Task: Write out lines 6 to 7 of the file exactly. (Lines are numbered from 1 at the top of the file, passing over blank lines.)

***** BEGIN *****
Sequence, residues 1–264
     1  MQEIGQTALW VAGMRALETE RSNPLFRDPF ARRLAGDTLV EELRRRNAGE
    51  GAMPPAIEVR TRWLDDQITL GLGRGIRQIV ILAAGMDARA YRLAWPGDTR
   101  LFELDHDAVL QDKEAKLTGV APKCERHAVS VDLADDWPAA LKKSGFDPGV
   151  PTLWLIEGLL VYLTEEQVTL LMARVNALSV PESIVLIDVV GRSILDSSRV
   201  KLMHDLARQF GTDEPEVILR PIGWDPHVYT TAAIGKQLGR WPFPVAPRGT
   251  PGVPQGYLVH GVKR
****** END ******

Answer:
   201  KLMHDLARQF GTDEPEVILR PIGWDPHVYT TAAIGKQLGR WPFPVAPRGT
   251  PGVPQGYLVH GVKR